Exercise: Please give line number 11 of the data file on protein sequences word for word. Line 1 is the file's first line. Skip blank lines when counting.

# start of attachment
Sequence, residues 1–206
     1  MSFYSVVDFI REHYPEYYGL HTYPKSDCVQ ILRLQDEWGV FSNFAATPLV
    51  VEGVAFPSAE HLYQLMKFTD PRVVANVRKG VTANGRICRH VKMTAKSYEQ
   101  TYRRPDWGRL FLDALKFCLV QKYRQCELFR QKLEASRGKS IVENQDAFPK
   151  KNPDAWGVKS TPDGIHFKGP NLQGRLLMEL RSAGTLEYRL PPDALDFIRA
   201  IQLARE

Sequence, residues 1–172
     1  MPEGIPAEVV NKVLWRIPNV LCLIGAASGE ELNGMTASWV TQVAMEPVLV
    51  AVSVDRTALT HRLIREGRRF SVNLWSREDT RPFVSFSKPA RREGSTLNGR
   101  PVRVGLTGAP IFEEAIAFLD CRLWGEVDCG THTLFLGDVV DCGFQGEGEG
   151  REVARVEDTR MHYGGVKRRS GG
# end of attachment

   151  REVARVEDTR MHYGGVKRRS GG